Death toll in Texas fertilizer plant blast rises to 14

The fertilizer plant at West, Texas, was completely leveled after a devastating explosion that was felt by resident 50 miles away

The fertilizer plant at West, Texas, was completely leveled after a devastating explosion that was felt by resident 50 miles away

Authorities have confirmed that 11 firefighters and medics were killed last night in the fertilizer plant explosion in West, Texas – though at least three more people are feared dead as rescuers search the rubble for bodies.

The State Firemen’s and Fire Marshals’ Association of Texas said in a statement on Thursday that six firefighters, four paramedics and one other first responder died Wednesday night as they battled a blaze the West Fertilizer Company.

‘We were all volunteers. There was not one person that got paid to be there. Not one person that was ordered to go there,’  Brice Reed, an EMT with the West Volunteer Fire Department, told CNN. Reed also rushed into the blast zone, but survived and was visibly shaken as he spoke.

Rescuers expect to find 14 bodies in the the rubble of the plant and the wreckage of 50 to 75 homes that were destroyed in the explosion, Mayor Tommy Muska said.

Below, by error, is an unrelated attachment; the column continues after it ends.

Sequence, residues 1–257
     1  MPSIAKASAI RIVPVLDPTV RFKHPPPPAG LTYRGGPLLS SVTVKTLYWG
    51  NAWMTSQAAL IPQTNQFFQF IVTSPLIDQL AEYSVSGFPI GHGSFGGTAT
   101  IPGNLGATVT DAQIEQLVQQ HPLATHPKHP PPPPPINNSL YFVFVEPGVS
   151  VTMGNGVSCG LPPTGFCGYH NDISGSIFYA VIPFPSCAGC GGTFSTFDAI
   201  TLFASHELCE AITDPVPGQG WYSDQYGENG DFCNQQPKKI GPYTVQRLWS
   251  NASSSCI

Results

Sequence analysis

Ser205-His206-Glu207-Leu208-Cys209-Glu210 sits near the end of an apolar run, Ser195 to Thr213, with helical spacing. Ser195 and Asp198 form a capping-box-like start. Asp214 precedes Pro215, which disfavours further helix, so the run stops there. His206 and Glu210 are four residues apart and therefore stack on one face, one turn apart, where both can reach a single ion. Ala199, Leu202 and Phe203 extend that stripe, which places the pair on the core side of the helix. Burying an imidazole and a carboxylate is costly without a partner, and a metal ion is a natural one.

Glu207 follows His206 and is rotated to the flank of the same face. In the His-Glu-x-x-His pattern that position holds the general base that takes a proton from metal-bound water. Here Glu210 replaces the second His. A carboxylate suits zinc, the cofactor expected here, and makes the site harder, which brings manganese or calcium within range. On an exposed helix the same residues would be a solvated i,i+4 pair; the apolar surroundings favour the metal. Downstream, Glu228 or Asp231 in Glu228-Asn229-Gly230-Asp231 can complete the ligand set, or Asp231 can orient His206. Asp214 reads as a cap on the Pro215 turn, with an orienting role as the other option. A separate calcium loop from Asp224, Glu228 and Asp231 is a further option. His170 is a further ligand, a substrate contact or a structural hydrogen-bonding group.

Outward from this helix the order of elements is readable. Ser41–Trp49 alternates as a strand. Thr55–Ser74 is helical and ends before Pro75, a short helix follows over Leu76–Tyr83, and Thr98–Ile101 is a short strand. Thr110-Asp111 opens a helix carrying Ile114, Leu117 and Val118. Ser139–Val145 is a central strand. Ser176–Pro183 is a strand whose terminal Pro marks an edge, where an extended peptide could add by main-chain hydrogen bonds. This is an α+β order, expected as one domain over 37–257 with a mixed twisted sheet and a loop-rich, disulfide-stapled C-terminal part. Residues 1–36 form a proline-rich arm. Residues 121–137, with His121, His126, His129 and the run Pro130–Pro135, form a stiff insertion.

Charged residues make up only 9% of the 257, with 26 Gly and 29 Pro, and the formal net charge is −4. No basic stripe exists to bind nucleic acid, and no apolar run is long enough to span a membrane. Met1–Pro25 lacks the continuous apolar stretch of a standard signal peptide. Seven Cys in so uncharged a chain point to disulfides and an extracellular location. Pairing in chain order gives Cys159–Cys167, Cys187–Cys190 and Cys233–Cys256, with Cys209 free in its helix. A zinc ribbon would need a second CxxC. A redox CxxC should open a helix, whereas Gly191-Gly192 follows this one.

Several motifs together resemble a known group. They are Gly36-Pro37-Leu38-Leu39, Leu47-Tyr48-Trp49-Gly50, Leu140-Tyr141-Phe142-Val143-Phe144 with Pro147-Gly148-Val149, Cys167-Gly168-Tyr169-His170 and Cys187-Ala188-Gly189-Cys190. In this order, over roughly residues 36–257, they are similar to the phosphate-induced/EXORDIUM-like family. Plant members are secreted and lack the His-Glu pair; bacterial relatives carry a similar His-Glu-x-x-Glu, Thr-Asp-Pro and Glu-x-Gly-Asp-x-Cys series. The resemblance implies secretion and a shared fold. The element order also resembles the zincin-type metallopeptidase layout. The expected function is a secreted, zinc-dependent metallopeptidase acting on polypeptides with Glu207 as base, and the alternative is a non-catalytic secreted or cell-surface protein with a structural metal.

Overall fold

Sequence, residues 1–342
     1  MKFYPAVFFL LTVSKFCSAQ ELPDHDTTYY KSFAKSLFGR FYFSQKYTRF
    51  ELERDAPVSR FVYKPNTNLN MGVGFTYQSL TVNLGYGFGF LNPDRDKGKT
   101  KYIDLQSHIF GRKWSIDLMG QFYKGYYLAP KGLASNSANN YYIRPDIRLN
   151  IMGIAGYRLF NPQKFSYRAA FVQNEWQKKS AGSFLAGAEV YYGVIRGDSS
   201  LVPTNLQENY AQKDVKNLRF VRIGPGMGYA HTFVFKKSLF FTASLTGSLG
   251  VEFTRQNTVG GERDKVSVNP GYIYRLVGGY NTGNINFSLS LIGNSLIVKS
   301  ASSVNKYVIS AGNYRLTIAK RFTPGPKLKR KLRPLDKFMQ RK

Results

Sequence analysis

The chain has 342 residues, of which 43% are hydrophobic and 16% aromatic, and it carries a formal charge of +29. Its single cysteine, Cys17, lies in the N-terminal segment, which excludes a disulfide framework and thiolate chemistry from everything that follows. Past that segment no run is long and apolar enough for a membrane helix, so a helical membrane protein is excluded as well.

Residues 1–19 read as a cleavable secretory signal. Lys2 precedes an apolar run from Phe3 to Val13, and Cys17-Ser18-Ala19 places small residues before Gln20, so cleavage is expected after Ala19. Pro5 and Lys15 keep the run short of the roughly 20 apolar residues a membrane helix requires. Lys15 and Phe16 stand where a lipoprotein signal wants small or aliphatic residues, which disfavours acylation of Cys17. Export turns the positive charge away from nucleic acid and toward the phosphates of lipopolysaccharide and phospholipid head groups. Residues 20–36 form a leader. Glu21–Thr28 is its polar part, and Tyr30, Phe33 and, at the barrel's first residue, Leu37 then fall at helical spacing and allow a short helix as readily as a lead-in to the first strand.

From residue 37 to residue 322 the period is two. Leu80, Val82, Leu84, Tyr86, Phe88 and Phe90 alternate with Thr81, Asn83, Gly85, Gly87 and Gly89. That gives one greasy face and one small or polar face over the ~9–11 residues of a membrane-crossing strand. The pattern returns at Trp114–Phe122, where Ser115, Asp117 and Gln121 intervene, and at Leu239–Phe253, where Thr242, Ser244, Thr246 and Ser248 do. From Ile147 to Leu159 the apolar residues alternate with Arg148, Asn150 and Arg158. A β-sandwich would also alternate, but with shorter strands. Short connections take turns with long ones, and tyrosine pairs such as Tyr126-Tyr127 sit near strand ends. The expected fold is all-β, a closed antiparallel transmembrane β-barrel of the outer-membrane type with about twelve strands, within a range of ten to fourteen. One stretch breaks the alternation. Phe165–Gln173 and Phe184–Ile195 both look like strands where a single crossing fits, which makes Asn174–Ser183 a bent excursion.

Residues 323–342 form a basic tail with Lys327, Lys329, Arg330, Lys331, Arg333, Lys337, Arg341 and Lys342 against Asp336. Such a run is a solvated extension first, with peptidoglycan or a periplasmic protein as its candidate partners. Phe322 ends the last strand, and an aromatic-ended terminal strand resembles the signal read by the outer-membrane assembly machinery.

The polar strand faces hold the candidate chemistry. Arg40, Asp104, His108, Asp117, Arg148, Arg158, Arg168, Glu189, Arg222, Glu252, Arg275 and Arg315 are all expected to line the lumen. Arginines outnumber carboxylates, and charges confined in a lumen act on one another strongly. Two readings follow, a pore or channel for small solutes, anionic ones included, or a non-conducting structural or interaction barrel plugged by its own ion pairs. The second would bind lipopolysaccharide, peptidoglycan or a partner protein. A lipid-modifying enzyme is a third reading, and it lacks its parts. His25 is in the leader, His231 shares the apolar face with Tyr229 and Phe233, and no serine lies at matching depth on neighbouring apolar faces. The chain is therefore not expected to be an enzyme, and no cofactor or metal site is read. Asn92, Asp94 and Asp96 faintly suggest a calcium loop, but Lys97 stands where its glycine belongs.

Muska says there is ‘no sign of life’ left in five-block radius that was flattened by the blast. A 50-unit apartment building was gutted. A middle school and a nursing home with 133 elderly patients nearby were both destroyed by fire.

A fire captain from Dallas who lived in West and rushed to help his neighbors is confirmed dead.

The volunteers were battling a fire at the plant last night when a tank of anhydrous ammonia – the same substance that fueled the 1995 Oklahoma City bombs – exploded with such force that it was felt 50 miles away and registered as a magnitude 2.1 earthquake.

Several volunteer firefighters from other departments were in West for a training class when the fire at the fertilizer plant broke out and they heroically rushed to the scene, as well.

Six families have said publicly that they are missing loved ones, also. At least 179 people were injured in the explosion, 13 seriously.

As the dust settled on the small community of 2,800 people on Thursday morning, photographs revealed destroyed homes and debris-strewn roads in a four- or five-block radius around a massive charred crater where the plant once stood.

Later, Muska, who is himself a volunteer firefighter and was heading to the fertilizer plant when the blast occurred told the  Dallas Morning News  that the death toll might be lower – 14 to 16, which he described as a ‘relief.’

Early reports put the death toll as high at 70. Muska had previously said up to 40 were missing and feared dead.

The only person confirmed killed thus far was Kenny ‘Luckey’ Harris, a 52-year-old captain in the Dallas Fire-Rescue Department who lived in West and ran to the fertilizer plant to help his neighbors put out the blaze.